5 Things To Prepare For Your Business Trip Abroad

If you’re traveling abroad for your business, you will have to do quite a bit of homework–how much depends on where you go. While it’s always exciting to immerse yourself in a new environment and embrace new opportunities, you need to be methodical when preparing for your intended trip.

The most important thing to keep in mind is to give yourself plenty of time to get things organized before you depart. You don’t want to do things in a rush and make a mess of your business venture because you didn’t have enough time to get all your ducks in a row.

Here are at least five things to take care of before you head out of the country:

  1. Make sure you always have easy access to money.

Besides the money you carry with you, you’ll need access to money should you run out. Without making prior arrangements, it can be difficult to manage a sudden cash shortage. Fortunately, it’s never been easier to transfer money. You can send money online to anyone in the world through a monetary service that figures out the currency exchange rate for you. You can arrange this through a monetary transfer service. Another option is to ask your bank if it has banking partners in that country. If your credit card works internationally, be sure to inform your credit card company before you leave; otherwise, they may think your charges in a foreign currency are due to identity theft and discontinue your credit line.

  1. Arrange your travel papers.

You may need to renew your passport, get a visa, and ask your physician for vaccinations. Depending on the nature of your business trip, you may have other paperwork to attend to as well.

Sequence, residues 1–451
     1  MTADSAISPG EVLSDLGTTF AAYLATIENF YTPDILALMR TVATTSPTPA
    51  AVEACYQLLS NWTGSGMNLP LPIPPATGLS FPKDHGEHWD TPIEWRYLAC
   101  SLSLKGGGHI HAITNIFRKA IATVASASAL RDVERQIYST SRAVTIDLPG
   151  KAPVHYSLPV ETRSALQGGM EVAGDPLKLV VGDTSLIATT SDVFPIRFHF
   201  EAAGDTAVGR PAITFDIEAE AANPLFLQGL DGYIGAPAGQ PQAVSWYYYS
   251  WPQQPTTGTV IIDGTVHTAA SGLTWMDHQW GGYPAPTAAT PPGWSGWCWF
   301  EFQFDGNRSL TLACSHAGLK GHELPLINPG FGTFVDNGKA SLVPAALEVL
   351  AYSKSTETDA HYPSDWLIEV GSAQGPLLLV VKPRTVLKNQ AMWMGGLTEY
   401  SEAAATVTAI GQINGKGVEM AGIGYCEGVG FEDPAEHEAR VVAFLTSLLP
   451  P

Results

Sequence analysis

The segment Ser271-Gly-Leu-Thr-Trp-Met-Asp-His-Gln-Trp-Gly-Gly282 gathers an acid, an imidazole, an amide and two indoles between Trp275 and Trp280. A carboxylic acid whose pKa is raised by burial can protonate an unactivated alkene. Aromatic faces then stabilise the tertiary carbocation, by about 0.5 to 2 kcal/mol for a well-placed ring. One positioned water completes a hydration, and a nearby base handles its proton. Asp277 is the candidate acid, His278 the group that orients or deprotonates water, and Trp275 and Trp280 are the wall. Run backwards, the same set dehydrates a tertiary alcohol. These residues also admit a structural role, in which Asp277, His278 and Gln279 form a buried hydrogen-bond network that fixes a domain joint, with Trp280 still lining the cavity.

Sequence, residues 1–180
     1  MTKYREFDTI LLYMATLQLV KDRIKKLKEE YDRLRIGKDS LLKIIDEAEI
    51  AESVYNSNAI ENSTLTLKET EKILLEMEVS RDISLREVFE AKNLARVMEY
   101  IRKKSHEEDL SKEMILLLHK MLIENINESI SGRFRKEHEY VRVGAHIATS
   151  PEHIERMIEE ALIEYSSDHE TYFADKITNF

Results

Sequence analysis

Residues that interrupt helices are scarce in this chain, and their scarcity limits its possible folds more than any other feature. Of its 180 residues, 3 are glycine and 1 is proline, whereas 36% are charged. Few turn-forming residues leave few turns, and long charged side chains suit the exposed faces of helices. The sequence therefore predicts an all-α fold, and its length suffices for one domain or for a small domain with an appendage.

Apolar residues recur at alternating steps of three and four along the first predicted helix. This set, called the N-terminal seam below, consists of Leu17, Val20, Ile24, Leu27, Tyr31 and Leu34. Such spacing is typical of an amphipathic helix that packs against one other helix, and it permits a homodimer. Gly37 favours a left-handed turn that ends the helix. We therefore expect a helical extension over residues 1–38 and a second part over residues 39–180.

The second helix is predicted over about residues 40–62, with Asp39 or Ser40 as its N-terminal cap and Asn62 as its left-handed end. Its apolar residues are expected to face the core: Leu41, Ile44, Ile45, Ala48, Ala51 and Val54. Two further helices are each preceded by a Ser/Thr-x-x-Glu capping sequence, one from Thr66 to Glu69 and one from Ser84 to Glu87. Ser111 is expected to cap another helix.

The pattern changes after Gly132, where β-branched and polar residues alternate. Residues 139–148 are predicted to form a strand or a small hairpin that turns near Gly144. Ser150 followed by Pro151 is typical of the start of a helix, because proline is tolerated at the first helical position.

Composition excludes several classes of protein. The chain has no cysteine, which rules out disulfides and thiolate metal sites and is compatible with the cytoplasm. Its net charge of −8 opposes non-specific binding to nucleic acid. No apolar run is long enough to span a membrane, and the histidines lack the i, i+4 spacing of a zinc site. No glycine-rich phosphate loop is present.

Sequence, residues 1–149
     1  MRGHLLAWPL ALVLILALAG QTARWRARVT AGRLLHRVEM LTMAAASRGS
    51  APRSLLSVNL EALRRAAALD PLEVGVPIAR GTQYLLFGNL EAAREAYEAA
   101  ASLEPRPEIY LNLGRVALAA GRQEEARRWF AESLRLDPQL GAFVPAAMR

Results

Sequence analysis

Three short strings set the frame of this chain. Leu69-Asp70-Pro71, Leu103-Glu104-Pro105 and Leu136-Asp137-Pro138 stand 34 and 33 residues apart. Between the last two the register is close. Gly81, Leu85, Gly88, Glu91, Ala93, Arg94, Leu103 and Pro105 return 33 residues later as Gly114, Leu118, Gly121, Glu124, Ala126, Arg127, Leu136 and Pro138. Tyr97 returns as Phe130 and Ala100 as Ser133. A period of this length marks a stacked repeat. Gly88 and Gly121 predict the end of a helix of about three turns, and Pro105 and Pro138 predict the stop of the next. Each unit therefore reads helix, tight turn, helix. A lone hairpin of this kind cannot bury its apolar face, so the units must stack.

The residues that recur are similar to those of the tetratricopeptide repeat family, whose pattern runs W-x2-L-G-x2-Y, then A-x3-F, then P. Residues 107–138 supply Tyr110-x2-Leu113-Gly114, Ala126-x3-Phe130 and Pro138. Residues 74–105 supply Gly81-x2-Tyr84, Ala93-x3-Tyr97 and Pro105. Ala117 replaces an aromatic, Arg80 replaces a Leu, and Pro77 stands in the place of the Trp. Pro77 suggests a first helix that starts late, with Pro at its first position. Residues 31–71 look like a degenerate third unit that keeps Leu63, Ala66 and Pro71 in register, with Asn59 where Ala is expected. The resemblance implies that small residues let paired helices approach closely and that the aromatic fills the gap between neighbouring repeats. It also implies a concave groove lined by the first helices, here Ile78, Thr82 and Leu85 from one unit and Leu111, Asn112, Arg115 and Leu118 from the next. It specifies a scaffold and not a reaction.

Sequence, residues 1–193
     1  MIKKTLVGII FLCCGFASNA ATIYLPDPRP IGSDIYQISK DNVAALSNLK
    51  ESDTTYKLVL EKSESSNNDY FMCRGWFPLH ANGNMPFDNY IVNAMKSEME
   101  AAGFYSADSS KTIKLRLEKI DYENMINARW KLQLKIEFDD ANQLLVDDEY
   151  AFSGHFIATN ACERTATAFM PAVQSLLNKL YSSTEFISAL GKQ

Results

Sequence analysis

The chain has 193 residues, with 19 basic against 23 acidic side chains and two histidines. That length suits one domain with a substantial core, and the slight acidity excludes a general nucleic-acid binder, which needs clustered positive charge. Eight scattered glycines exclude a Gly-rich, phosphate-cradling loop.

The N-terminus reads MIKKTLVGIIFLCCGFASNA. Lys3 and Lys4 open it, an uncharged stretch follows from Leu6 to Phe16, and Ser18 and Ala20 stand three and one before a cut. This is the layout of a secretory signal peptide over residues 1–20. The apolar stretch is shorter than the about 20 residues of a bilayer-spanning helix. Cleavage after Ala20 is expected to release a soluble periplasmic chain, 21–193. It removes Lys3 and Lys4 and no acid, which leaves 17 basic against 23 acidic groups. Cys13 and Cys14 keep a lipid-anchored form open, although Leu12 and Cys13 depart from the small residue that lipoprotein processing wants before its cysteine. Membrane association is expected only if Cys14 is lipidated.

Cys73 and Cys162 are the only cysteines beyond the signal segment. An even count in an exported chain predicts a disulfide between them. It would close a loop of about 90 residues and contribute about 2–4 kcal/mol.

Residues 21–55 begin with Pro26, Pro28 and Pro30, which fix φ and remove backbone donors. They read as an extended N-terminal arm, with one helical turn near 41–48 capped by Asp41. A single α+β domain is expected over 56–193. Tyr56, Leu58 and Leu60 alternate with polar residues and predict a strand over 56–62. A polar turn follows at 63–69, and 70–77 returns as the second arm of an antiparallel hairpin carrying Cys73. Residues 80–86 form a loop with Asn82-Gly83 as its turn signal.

1. Research your destination.

Chances are that you’ll be picked up at the airport, be whisked to a hotel, and be wined and dined for most of your stay. Still, even if your entire trip is prearranged in advance by your company, it might be fun to use Google Earth to view your destination. Also visit relevant websites to find out about hotels, restaurants, and transportation options. Also, explore the websites of any historical or cultural attractions you might want to visit.

This way, you’ll be able to be more independent when you get there. What if nobody picks you up at the airport? What if you hate the hotel you’re booked at? What if you want to try the local cuisine? What if you have some free time between meetings and could easily visit a historical site or go to a world-famous museum?

  1. Familiarize yourself with the culture.

You’ll impress your business associates, international clients, and new connections with an understanding of their culture. In addition, you’ll avoid making embarrassing mistakes because you didn’t know about their idea of proper etiquette. In Japan, for example, it’s customary to bow when you first meet someone.

Here are some useful tips:

  • ·  Read up about the history, politics, and religion of the country to help you feel more grounded and to be able to sound less clueless when engaged in small talk.
  • ·  If it’s an English-speaking country, brush up on their colloquialisms. This will quickly win you new friends, although they may have a good-natured laugh at your expense.
  • ·  If you speak a little of their language, then brush up on your skills with a language class; and if it’s a language that you have no knowledge about, then learn a few common phrases.
  1. Stay connected.

Here are a few things you can do to make sure that all your electronic devices work and that you can communicate electronically:

  • ·  Buy adaptors for the country’s power outlets.
  • ·  Call the hotel to see if there is Wi-Fi in your room. If not, then ask if you can get an Internet connection in the hotel’s business center or a nearby Internet cafe.
  • ·  Ask your phone company how to go about setting up your cell phone to receive data internationally. If this is not possible, you could use a domestic cell phone company or buy a cheap cell phone with prepaid minutes for local and international calls to use while you’re there.

In the final analysis, the success of your business trip will depend on how well you prepare for it.